- 11:52 Nikki - Yeah, that game just say a little of where am I going to plan, what am I leaving, how do I respond to feedback from people? I can imagine that indeed… We struggle with that from time to time. Our game is like a Dungeon Crawler for Solo or Duo and indeed we get a lot of different kinds of feedback from people who sometimes don't fit in that you think would never buy it. It's partly what you did in the beginning indeed, well, I have my games… Sometimes you were like, well, I don't like this. You also have to have courage to delete things, so now this is not going to be him, get rid of it. But you also have to have the courage to persevere that you think ok, I think this fits the target group.
- 12:34 Niels - How did you find out about that target group?
- 12:37 Vicky - By having a lot of playtesters. And more and more I ended up in the world myself, I also got to know the Spelhuis through that way. And just speak a lot of people and keep reading a lot on different forums. And also make those terms my own. At a certain point, those categories become a bit clearer. That you notice people who like to play game A, they go…. it is of course not that black and white, but they fall into a certain category and they like certain elements in a game. But then it also becomes a certain kind of game. And yes, just a lot of reading and talking with people, and playing a lot of games myself, of course, to see what I like. Because I also thought it was important to release a game that I support myself. Saying this I would buy for myself.
- 13:47 Nikki - Yes you are actually your own target audience of your game?
- 13:51 Vicky - Yes, I did start on my own, yes.
- 13:58 Nikki - And that playtesting, that's something ... Well, we are in different virtual playtest groups ourselves. So on Mondays and Thursdays we will also play other people's games and in return they will play your game. But it is often difficult to find people who want to play it.
- 14:14 Niels - Yes, especially now during the pandemic.
- 14:16 Nikki - Yes, because you also indicated that I go to trade fairs and stuff. How did you make…. Did that take a long time for you, finding playtesters? What are the golden tips from you?
- 2:30 PM Vicky - What the golden tips are… Ehm, I think that's a good question. I don't know if I have a good answer to that. I might be able to tell you how it went for me.
Again, I didn't know anyone, I didn't know anything. I really started from scratch. At one point I just took my plunge to go to a local fair. To ask if I can come by with my prototype. There I made the first contacts. Gosh, I think through via. Most I must say, I got to know through fairs. That was my thing. I also feel that I am very good at that. I am not very good at e-mail or via ... Yes how should I say that. I like to be myself, and at such a fair you only have yourself.
- 15:51 Nikki - It's a different kind of effort that you have to put into it if you really need to email and Facebook messages. That can be quite tiring. I can imagine if you go there it is quite scary, but when you are there….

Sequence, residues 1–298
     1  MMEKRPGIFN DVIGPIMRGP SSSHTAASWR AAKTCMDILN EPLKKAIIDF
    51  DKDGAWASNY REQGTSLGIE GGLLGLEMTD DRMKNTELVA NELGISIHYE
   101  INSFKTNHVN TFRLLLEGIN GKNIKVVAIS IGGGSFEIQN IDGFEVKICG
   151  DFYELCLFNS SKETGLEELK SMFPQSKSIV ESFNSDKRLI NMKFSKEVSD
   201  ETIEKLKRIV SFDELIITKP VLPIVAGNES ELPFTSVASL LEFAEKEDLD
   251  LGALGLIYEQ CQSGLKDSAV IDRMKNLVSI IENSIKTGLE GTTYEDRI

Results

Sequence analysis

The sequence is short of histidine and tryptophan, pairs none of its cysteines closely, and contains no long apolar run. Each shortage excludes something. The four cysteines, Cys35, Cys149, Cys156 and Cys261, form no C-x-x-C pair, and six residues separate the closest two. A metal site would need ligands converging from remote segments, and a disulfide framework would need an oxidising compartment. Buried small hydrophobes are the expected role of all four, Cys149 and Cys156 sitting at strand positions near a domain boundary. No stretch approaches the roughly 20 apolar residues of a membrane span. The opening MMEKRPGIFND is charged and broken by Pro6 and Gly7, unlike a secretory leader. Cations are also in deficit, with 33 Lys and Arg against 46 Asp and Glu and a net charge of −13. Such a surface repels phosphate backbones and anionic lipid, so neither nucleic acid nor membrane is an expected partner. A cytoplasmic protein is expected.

- 4:05 PM Vicky -Yes, exactly. You are no longer anonymous, you are no longer an anonymous e-mail address that you can set to delete. But you meet a real person. You immediately have a completely different click and that just went much better for me. And through those fairs I also got to know people who had game clubs, who had game stores. A bit through that route. So yes, I will say for me the stock markets have had the most impact. I've always seen that as a kind of job application. One of my friends also said look, if you have an application then you do not sit there in your sweatpants. No you are wearing a nice costume or a nice dress. You dress a bit or you present yourself .. And that's how I always treated my prototype. I can draw a little bit, I'm not that far into that, but I always made sure it was presentable and enjoyable. Yes well, make it a little attractive. Apparently that worked.
- 17:30 Niels - Was that at those fairs, was that the main goal for you to find people. Just playtesters, people who could play the game, or were you there to get in touch with publishers to see if they would be interested?
- 5:45 PM Vicky - My goal was mainly for playtesters, that was my first goal. But of course I also find it very scary to write to people, certainly at the time. So I wasn't so sure I'll come to you that way and then I might get rejected, but more of it hey, here I am. I made something beautiful out of it and if you like it enough, then you come to me. And then I'll do the explanation. I found that a little less scary. So I went for introducing it to a wider audience, not just my friends, and then publishers ended up sitting there too.
- 18:33 Nikki - That seems special to me, yes. You just said that if you think of one of the things that when you look back, gosh, I would do that differently, get that target group in sight a bit better. I think that's something a lot of people struggle with. If you look back from well, that was a smart decision, I am really happy about that, maybe milestones you have reached. What would that be for you?